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1

### AIEEE 2005

The value of $$\int\limits_{ - \pi }^\pi {{{{{\cos }^2}} \over {1 + {a^x}}}dx,\,\,a > 0,}$$ is
A
$$a\,\pi$$
B
$${\pi \over 2}$$
C
$${\pi \over a}$$
D
$${2\pi }$$

## Explanation

Let $$I = \int\limits_{ - \pi }^\pi {{{{{\cos }^2}x} \over {1 + {a^x}}}} dx\,\,\,\,\,\,\,\,\,\,\,\,\,...\left( 1 \right)$$

$$= \int\limits_{ - \pi }^\pi {{{{{\cos }^2}\left( { - x} \right)} \over {1 + {a^{ - x}}}}} dx$$

$$\left[ \, \right.$$ Using $$\int\limits_a^b {f\left( x \right)} dx = \int\limits_a^b {f\left( {a + b - x} \right)dx}$$ $$\left. \, \right]$$

$$= \int\limits_{ - \pi }^\pi {{{{{\cos }^2}x} \over {1 + {\alpha ^x}}}} dx\,\,\,\,\,\,\,\,\,\,\,\,\,...\left( 2 \right)$$

Adding equations $$(1)$$ and $$(2)$$ we get

$$2I = \int\limits_{ - \pi }^\pi {{{\cos }^2}} x\left( {{{1 + {a^x}} \over {1 + {a^x}}}} \right)dx$$

$$= \int\limits_{ - \pi }^\pi {{{\cos }^2}} x\,dx$$

$$= 2\int\limits_0^\pi {{{\cos }^2}} x\,dx$$

$$= 2 \times 2\int\limits_0^{{\pi \over 2}} {{{\cos }^2}} x\,dx$$

$$= 4\int\limits_0^{{\pi \over 2}} {{{\sin }^2}} x\,dx$$

$$\Rightarrow I = 2\int\limits_0^{{\pi \over 2}} {{{\sin }^2}} \,x\,dx$$

$$= 2\int\limits_0^{{\pi \over 2}} {\left( {1 - {{\cos }^2}x\,dx} \right)}$$

$$\Rightarrow I\,\, = 2\int\limits_0^{{\pi \over 2}} {dx - 2\int\limits_0^{{\pi \over 2}} {{{\cos }^2}} } \,x\,dx$$

$$\Rightarrow I + I = 2\left( {{\pi \over 2}} \right) = \pi$$

$$\Rightarrow I = {\pi \over 2}$$
2

### AIEEE 2005

Let $$f(x)$$ be a non - negative continuous function such that the area bounded by the curve $$y=f(x),$$ $$x$$-axis and the ordinates $$x = {\pi \over 4}$$ and $$x = \beta > {\pi \over 4}$$ is $$\left( {\beta \sin \beta + {\pi \over 4}\cos \beta + \sqrt 2 \beta } \right).$$ Then $$f\left( {{\pi \over 2}} \right)$$ is
A
$$\left( {{\pi \over 4} + \sqrt 2 - 1} \right)$$
B
$$\left( {{\pi \over 4} - \sqrt 2 + 1} \right)$$
C
$$\left( {1 - {\pi \over 4} - \sqrt 2 } \right)$$
D
$$\left( {1 - {\pi \over 4} + \sqrt 2 } \right)$$

## Explanation

Given that

$$\int\limits_{\pi /4}^\beta {f\left( x \right)} dx = \beta \sin \beta + {\pi \over 4}\cos \,\beta + \sqrt 2 \beta$$

Differentiating $$w.r.t$$ $$\beta$$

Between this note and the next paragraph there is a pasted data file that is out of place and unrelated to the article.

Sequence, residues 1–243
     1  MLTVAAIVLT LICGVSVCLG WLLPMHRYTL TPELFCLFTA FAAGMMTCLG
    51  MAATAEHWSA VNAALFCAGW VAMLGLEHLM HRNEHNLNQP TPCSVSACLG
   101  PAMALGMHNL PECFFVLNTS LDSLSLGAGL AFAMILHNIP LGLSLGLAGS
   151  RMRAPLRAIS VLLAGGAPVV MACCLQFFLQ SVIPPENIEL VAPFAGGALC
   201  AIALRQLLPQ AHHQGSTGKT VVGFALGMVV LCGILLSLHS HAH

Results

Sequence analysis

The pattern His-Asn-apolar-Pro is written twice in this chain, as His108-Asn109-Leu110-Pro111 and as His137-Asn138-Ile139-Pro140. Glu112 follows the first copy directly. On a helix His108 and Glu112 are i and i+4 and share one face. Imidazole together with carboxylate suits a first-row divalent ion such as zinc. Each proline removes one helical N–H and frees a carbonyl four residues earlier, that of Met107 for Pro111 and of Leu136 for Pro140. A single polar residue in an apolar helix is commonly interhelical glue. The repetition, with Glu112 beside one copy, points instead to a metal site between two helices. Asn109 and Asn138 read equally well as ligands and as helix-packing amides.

$$f\left( \beta \right) = \beta \cos \beta + \sin \beta - {\pi \over 4}\sin \beta + \sqrt 2$$

$$f\left( {{\pi \over 2}} \right) = \left( {1 - {\pi \over 4}} \right)\sin {\pi \over 2} + \sqrt 2$$

$$= 1 - {\pi \over 4} + \sqrt 2$$
3

### AIEEE 2005

The parabolas $${y^2} = 4x$$ and $${x^2} = 4y$$ divide the square region bounded by the lines $$x=4,$$ $$y=4$$ and the coordinate axes. If $${S_1},{S_2},{S_3}$$ are respectively the areas of these parts numbered from top to bottom ; then $${S_1},{S_2},{S_3}$$ is
A
$$1:2:1$$
B
$$1:2:3$$
C
$$2:1:2$$
D
$$1:1:1$$

## Explanation

Intersection points of $${x^2} = 4y$$ and $${y^2} = 4x$$ are $$\left( {0,0} \right)$$ and $$\left( {4,4} \right).$$ The graph is as shown in the figure. By symmetry, we observe

$${S_1} = {S_3} = \int\limits_0^4 {ydx = \int\limits_0^4 {{{{x^2}} \over 4}dx} }$$

$$= \left[ {{{{x^3}} \over {12}}} \right]_0^4 = {{16} \over 3}$$ sq. unit

Also $${S_2} = \int\limits_0^4 {\left( {2\sqrt x - {{{x^2}} \over 4}} \right)} dx$$

$$\,\,\,\,\,\,\,\,\,\,\,\,$$ $$= \left[ {{{2{x^{{3 \over 2}}}} \over {{3 \over 2}}} - {{{x^3}} \over {12}}} \right]_0^4$$

$$\,\,\,\,\,\,\,\,\,\,\,\,$$ $$= {4 \over 3} \times 8 - {{16} \over 3} = {{16} \over 3}$$

$$\therefore$$ $${S_1}:{S_2}:{S_3} = 1:1:1$$
4

### AIEEE 2005

The area enclosed between the curve $$y = {\log _e}\left( {x + e} \right)$$ and the coordinate axes is
A
$$1$$
B
$$2$$
C
$$3$$
D
$$4$$

## Explanation

The graph of the curve $$y = {\log _e}\left( {x + e} \right)$$ is as shown in the fig. Required area

$$A = \int\limits_{1 - e}^0 {ydx} = \int\limits_{1 - e}^0 {{{\log }_e}} \left( {x + e} \right)dx$$

put $$x + e = t \Rightarrow dx = dt$$

also At $$x = 1 - e,t = 1$$

At $$x = 0,\,\,t = e$$

$$\therefore$$ $$A = \int\limits_1^e {{{\log }_e}} \,tdt = \left[ {t\,{{\log }_e}t - t_1^e} \right]$$

$$e - e - 0 + 1 = 1$$

Hence the required area is $$1$$ square unit.

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